Battery Backup in Dominican Republic

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KeithWHare
KeithWHare Solar Expert Posts: 140 ✭✭✭
My brother and sister-in-law are living in south western Dominican Republic. (My brother is commuting to Haiti two weeks a month, but that's irrelevant for this post.) My sister-in-law is a lab technician working in a clinic in a sugar cane camp/village.

The utility power at the clinic is usually on four to eight hours a night, but is usually off during the day. This is problematic for things such as:
  • Light bulbs
  • Microscope
  • Centrifuge
  • Sewing Machine
  • Refrigerator

I'm estimating a daytime power use of 2.75 to 3.00 kilo watt hours a day of power usage.

My current plan is to install 8 6-volt T105-type 225 amp hour batteries and an inverter/charger.

Modified sine wave inverters in the appropriate size for this power load are readily available, but full sine wave inverters are harder to find. I've found one source that can get me a Magnum full sine wave inverter in Santo Domingo, but I need to make sure I get the correct model.

With the information I have at the moment, I think the clinic only has 120 volt power. Can I run the Magnum MS4448PAE on a utility input of only 120 volts?

If not, my other choice is to use a Magnum MS4024 (with no suffix), which limits the battery bank to 24 volts instead of 48 volts.

There are no plans to use PV panels at this point, but I plan to set the system up so solar could be added later.

Keith

Comments

  • westbranch
    westbranch Solar Expert Posts: 5,183 ✭✭✭✭
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    Re: Battery Backup in Dominican Republic

    Keith, did you have a query?
     
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  • niel
    niel Solar Expert Posts: 10,300 ✭✭✭✭
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    Re: Battery Backup in Dominican Republic

    i think either one will work fine and the 4448 can operate with a 120vac input only if you desire. see page 25 in the manual.
    http://lib.store.yahoo.net/lib/wind-sun/Magnum-MS-PAE-Manual.pdf

    these are good sized inverters for the indicated loads. do you think you will expand on those loads later? you may want to expand the battery bank to allow backup for more than your expected daytime outages. this would help in handling future loads too.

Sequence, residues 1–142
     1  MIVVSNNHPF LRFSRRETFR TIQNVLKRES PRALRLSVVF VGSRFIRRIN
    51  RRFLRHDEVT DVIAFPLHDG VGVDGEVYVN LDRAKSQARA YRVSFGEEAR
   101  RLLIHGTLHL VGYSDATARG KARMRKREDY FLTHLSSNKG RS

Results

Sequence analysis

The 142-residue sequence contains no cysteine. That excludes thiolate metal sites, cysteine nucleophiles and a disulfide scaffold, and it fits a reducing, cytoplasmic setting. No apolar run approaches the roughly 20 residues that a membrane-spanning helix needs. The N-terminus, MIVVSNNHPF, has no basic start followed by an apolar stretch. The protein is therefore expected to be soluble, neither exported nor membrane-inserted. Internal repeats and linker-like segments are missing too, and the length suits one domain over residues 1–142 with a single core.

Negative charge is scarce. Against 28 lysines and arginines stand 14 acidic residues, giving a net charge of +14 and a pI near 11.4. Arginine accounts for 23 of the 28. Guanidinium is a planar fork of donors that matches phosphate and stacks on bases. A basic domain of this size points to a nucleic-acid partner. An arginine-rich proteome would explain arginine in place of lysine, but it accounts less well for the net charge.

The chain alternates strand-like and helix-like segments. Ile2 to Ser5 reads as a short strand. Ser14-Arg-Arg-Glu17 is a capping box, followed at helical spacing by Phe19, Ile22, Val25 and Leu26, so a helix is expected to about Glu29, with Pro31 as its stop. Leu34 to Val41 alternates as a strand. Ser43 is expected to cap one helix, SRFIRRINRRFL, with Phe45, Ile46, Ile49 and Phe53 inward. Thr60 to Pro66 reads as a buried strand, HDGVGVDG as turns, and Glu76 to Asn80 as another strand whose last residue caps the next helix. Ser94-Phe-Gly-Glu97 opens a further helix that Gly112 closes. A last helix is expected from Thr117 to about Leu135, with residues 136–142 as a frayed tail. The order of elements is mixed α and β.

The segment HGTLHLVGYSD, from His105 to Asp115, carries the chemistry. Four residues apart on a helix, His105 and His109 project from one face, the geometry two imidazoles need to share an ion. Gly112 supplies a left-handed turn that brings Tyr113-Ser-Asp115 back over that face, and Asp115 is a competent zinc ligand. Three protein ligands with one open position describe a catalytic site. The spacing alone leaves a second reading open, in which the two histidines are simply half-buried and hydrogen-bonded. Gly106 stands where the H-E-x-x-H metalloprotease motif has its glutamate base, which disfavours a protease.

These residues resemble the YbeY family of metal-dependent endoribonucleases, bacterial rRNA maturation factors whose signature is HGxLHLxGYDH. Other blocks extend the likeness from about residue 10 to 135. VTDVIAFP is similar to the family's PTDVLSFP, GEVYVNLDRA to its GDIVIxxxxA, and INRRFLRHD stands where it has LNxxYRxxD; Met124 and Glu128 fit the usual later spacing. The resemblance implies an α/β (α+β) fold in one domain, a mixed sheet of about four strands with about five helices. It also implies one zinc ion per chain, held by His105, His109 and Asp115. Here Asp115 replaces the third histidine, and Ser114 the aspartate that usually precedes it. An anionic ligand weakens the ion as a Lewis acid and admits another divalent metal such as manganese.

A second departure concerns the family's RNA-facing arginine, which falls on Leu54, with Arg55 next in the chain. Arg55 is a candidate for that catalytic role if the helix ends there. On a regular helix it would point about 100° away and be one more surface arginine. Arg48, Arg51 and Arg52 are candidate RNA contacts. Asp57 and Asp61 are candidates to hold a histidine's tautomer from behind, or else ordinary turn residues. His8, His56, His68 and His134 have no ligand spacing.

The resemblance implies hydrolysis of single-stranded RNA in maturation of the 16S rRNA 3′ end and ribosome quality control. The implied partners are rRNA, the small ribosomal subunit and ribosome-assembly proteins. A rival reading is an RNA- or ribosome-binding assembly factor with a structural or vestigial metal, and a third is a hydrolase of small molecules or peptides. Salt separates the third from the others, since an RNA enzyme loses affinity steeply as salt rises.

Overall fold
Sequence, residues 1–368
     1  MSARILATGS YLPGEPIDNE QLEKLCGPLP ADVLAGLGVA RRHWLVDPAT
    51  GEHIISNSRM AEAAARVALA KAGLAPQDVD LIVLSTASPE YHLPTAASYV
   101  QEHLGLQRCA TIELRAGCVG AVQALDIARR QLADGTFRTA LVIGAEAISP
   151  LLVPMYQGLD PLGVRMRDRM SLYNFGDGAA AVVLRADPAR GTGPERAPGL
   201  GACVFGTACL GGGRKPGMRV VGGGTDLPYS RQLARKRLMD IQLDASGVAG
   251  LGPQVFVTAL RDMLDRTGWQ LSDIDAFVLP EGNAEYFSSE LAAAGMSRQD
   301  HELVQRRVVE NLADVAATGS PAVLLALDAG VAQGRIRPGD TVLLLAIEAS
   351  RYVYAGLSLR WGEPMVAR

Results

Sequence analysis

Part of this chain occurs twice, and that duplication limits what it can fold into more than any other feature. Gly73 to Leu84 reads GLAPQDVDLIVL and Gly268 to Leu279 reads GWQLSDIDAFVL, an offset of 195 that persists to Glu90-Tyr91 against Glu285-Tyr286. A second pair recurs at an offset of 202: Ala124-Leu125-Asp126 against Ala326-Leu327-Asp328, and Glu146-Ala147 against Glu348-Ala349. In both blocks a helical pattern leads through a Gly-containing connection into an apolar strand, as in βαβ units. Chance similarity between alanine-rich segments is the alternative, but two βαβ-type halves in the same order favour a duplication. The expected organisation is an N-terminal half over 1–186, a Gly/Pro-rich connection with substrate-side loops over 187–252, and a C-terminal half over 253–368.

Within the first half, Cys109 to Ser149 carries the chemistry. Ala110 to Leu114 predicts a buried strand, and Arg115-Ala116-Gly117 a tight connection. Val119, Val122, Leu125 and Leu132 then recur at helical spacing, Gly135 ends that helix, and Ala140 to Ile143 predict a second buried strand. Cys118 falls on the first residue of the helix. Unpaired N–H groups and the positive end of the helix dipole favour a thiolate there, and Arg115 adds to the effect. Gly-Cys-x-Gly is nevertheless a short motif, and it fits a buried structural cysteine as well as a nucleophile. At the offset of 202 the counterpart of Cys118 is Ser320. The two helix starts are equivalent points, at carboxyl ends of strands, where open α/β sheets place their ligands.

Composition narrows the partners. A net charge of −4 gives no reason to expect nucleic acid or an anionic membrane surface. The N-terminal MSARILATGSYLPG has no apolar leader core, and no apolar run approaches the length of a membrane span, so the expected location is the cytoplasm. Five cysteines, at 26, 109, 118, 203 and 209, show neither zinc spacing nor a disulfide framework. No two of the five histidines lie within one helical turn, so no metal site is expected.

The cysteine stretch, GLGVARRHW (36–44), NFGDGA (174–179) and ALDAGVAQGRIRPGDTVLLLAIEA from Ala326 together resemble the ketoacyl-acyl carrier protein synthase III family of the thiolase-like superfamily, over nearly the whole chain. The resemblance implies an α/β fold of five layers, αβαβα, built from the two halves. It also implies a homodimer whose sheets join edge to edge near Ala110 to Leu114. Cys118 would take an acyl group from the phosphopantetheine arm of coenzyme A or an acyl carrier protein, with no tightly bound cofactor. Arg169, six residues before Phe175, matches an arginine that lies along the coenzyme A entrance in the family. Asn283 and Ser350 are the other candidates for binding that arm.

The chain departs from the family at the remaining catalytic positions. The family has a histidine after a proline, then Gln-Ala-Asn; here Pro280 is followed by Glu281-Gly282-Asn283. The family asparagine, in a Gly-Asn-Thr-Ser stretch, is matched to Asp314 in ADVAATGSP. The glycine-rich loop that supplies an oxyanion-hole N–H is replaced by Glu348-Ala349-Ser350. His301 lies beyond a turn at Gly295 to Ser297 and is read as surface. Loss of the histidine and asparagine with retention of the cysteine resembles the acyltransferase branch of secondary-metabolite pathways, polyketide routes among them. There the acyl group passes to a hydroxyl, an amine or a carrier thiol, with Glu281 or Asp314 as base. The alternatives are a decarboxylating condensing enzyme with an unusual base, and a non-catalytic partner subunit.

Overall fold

starting with a backups type arrangement is a good and convenient way to grow the system as the solar can be piecemealed to a degree, but some items will need to be what you'd need if the full pv system was to be already present. a few examples would be the wire size must be full sized from the start and the proper capacity in your controller, but even this can be worked around to some degree if planned properly.
  • KeithWHare
    KeithWHare Solar Expert Posts: 140 ✭✭✭
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    Re: Battery Backup in Dominican Republic
    westbranch wrote: »
    Keith, did you have a query?

    Yes, but it got lost in the rest of the explanation:
    Can I run the Magnum MS4448PAE on a utility input of only 120 volts?

    Keith
  • KeithWHare
    KeithWHare Solar Expert Posts: 140 ✭✭✭
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    Re: Battery Backup in Dominican Republic
    niel wrote: »
    i think either one will work fine and the 4448 can operate with a 120vac input only if you desire. see page 25 in the manual.
    http://lib.store.yahoo.net/lib/wind-sun/Magnum-MS-PAE-Manual.pdf

    Thanks for the pointer. I had missed that bit in the documentation.
    these are good sized inverters for the indicated loads. do you think you will expand on those loads later? you may want to expand the battery bank to allow backup for more than your expected daytime outages. this would help in handling future loads too.

    My expectation is that if there is power, the loads will increase. For example, I didn't list any fans, but in an un-airconditioned building in 90-100 degrees (Fahrenheit), fans will show up. At this point, 8 6-volt batteries fit the available funds.

    Another reason for using the Magnum MS4xxx series is that we haven't located a smaller full sine wave inverter/charger in the DR.
    starting with a backups type arrangement is a good and convenient way to grow the system as the solar can be piecemealed to a degree, but some items will need to be what you'd need if the full pv system was to be already present. a few examples would be the wire size must be full sized from the start and the proper capacity in your controller, but even this can be worked around to some degree if planned properly.

    I have a pretty good understanding of wire sizing and voltage drop issues. I helped install a similar solar-only system in Haiti 2.5 years ago. The Haiti system is still working well, so I guess we did something right.

    Keith